November 18, 2008
STATE OF NEW JERSEY, PLAINTIFF-RESPONDENT,
PRINCE HASAN, DEFENDANT-APPELLANT.
On appeal from the Superior Court of New Jersey, Law Division, Salem County, Indictment No. 04-10-0359.
NOT FOR PUBLICATION WITHOUT THE APPROVAL OF THE APPELLATE DIVISION
Submitted August 12, 2008
Before Judges Sapp-Peterson and Baxter.
Defendant Prince Hasan appeals from the June 27, 2007 order denying his Petition for Post-Conviction Relief (PCR) following an evidentiary hearing. On appeal, Hasan contends that he was deprived of the effective assistance of trial counsel, who failed to investigate and properly advise him concerning his "jeopardy regarding his immigration status and represented [him] while representing a co-defendant." We disagree and affirm.
On July 16, 2004, as part of a negotiated plea agreement, defendant pled guilty to third-degree distribution of CDS under two separate indictments, in exchange for the dismissal of the remaining counts contained in those two indictments and recommended concurrent sentences that would not exceed four years. On November 29, 2004, defendant pled guilty, in connection with a third indictment, to one count of third-degree conspiracy to possess CDS with the intent to distribute. He was sentenced on the same day to another four-year custodial term that would run concurrent to the sentences he received on the earlier indictments.
On April 1, 2005, defendant filed a pro se petition for PCR. The initial petition did not specifically set forth the basis for the petition. On August 4, 2006, through retained counsel, defendant submitted a supplemental letter brief in support of the petition.*fn1 Defendant argued that at the time he entered his initial plea of guilty, he was unaware that "he would be subject to immigration problems as a consequence of his plea." Defense counsel explained that a deportation detainer was lodged against defendant on July 11, 2005, and that defendant was facing deportation proceedings. Defendant asserted that he would not have pled guilty had he known that as a result of doing so he would be subject to deportation.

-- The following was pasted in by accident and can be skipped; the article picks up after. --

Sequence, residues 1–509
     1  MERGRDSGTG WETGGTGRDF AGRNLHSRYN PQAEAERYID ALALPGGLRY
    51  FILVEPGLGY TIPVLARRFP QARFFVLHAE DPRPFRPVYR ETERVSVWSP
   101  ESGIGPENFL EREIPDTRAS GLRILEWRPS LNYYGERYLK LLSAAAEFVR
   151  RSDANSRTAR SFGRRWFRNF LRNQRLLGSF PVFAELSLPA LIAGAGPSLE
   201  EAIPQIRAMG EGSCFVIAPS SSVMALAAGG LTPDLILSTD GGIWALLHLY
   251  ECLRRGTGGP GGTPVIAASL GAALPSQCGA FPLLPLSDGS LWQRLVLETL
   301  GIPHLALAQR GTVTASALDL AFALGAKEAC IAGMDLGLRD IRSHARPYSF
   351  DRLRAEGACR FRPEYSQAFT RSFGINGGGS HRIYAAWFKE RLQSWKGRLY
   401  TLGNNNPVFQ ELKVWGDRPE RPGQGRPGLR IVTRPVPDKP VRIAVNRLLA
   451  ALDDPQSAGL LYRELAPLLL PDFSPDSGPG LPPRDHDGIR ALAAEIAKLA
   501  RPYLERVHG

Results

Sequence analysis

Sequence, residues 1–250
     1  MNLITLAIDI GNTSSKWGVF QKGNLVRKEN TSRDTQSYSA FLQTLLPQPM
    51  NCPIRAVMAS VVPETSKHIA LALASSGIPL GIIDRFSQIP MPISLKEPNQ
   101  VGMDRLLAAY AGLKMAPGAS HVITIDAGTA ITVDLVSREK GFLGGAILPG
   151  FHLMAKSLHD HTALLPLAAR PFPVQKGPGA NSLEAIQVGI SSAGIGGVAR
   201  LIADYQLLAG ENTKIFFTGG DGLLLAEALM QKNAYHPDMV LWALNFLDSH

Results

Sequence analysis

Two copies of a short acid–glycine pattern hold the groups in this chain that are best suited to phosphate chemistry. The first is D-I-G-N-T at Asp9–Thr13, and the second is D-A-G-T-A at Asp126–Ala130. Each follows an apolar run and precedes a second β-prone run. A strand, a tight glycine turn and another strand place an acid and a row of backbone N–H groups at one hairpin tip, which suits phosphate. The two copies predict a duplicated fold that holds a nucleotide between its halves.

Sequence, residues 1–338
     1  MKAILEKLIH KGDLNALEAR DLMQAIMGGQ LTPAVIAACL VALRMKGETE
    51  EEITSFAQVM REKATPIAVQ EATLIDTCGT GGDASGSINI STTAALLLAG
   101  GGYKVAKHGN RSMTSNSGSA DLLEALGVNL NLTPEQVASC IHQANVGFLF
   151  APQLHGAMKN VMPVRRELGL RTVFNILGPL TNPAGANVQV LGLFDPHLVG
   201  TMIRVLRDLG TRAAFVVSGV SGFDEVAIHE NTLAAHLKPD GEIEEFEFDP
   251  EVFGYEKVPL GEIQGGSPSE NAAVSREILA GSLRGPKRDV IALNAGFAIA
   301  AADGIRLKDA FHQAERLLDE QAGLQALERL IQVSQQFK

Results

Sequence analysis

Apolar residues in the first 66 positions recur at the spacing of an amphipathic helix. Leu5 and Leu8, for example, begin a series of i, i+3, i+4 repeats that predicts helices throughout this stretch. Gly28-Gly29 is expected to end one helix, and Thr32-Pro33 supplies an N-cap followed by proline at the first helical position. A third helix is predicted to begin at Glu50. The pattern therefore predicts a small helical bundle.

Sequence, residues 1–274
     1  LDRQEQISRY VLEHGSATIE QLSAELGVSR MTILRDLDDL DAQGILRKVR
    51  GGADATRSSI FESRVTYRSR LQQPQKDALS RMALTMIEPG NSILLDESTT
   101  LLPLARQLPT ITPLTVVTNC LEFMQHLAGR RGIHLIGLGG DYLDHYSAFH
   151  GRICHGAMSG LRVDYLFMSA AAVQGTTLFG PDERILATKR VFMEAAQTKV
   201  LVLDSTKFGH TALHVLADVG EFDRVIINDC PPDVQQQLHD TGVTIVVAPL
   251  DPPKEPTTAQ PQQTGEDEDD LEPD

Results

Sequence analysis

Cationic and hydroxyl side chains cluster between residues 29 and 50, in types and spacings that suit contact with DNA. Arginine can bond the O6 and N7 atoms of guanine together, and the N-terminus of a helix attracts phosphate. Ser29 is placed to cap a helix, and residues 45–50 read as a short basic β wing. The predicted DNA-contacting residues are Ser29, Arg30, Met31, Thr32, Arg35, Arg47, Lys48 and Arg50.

On August 11, 2006, the trial court conducted a PCR hearing that resulted in an amendment of the judgment of conviction to reflect defendant's plea on the first two indictments to third-degree conspiracy to distribute CDS rather than third-degree distribution of CDS. This amended judgment, according to the court, "would avoid the deportation issue for Mr. Hasan[.]"
On September 15, 2006, however, defendant filed a second pro se PCR petition. He claimed that he received ineffective assistance of counsel because his PCR counsel failed to advance any of the post-conviction relief issues that he had raised. He sought a "remand" because he was "inadequately advised about the penal consequences of the plea, as he was never informed that he would be subject to immigration problems as a consequence of his plea."*fn2 On June 22, 2007, following oral argument, the court denied the petition.
The court reasoned that although at the time defendant entered his plea, there had been dual representation on behalf of defendant and a co-defendant in connection with Salem County Indictment No. 04-05-0171, that indictment was actually dismissed against defendant. Further, the court found, albeit on the representations of the prosecutor, that defendant's trial counsel did not actually represent the co-defendant in negotiating the plea agreement. Rather, another attorney negotiated the agreement with the prosecutor and represented the co-defendant at the time the plea agreement was entered, but retired before the sentencing of the co-defendant. The court thus concluded there was a brief seven-day period when there was dual representation, but citing State v. Murray, 162 N.J. 240, 250 (2000), the court found the conflict did not rise to the level of ineffective assistance of counsel on defendant's behalf that warranted post-conviction relief.